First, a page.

You should be writing.

A Little Backstory

How did I end up a writer? Well, the tried and true answer is I have always been a writer; I just didn’t know it. I wrote a lot in high school (oh, angsty teen poetry!), and while in college, I worked in a children’s theater where I was essentially the on-staff show doctor. Perhaps the highlight of those years was the musical adaptation of The Hobbit, produced with permission from the Tolkien estate.

After college, I worked as an artist for a small computer game company, leading to a graphic design career. One thing stood out: the further I got away from working on things kids would enjoy, the unhappier I became about the work. Corporate gigs paid the bills, but they didn’t fill the soul. 

About fifteen years ago, I took a creative vacation at the Cape Cod Writers Conference. I signed up for a class on making picture books and saw another on writing comics taught by a writer whose name I recognized. A Marvel guy. A Name. I didn’t think I’d ever write a comic book, but I knew I could be a fanboy in his class and love every minute. At the end of the week, The Name read my piece aloud and said it was professional caliber work. 

Sometimes, you need to be hit on the head with the light bulb before it goes off. Yeah, I was a writer.

I started writing with intent, found my way into an SCBWI crit group, and from there, Vermont College of Fine Arts for an MFA in Writing for Children and Young Adults. Along the way, some of the picture books turned into middle-grade stories, and the guy who was never-gonna-write-a-comic book wrote a YA superhero novel for his creative thesis.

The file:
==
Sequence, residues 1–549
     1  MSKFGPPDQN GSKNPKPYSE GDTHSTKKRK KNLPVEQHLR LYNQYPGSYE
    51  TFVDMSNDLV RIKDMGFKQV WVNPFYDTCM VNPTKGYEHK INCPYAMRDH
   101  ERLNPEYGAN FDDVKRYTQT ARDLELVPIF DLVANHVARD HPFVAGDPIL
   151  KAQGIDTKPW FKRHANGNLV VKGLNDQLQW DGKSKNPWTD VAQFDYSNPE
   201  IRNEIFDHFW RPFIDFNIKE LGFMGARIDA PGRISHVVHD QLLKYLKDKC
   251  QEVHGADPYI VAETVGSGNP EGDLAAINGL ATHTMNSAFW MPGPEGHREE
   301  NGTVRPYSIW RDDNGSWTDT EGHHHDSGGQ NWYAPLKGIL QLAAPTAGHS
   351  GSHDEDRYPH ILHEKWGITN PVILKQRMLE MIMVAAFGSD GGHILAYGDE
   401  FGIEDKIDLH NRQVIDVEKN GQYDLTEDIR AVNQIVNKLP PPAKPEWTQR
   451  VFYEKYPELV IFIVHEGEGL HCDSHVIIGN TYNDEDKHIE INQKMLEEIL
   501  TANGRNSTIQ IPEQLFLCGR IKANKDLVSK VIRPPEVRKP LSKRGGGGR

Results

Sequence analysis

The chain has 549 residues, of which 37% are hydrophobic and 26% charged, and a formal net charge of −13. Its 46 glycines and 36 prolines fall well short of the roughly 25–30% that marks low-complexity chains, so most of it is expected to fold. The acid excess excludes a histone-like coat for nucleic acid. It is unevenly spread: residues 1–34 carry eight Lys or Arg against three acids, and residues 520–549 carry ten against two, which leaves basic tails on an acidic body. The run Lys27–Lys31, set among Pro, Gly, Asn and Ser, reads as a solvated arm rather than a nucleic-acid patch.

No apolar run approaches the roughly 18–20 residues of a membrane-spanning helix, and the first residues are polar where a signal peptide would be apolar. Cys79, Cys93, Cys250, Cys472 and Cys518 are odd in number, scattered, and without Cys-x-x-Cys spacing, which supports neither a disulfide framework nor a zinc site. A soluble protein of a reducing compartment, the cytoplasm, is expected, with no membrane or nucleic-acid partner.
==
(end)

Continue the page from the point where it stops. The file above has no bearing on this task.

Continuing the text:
Since then, I’ve worked on two middle-grade novels, ghosted a non-fiction book, and wrote a graphic novel that almost got killed by the pandemic but managed to come out in 2022.

I love writing for kids, maybe because the books I read at that age have stayed with me.

The ones that imprinted themselves on me were The Mouse and the Motorcycle, The Hobbit, The Chronicles of Prydain, and Charles Addams’s cartoon collections (I got odd looks from the children’s librarians). I also devoured encyclopedias and anything by Dr. Seuss and Maurice Sendak. 

When I started the whole “writing with intent” thing, I dove back into books for kids. The books that made me sit up and want more were Millicent Min, Girl Genius by Lisa Yee, One Crazy Summer by Rita Williams-Garcia, and 8th Grade Super Zero by Olugbemisola Rhuday-Perkovich. These books had humor and heart and transported me to characters that saw the world through eyes unlike my own. 

In my work now, I try to balance humor and heart, striving to reveal shared truths, whether in fart jokes or tragedies, in friendships or solitude. Showing those places we all live and where we sometimes feel most lost. 

The right word, on the right day, in the right hands, can be life-changing. That change might be as ephemeral as a smile that flashes in a moment or as profound as a beacon that shines long after the book’s been closed. Hearing from kids who love a book or parents who say their child can’t put it down makes writing worth it.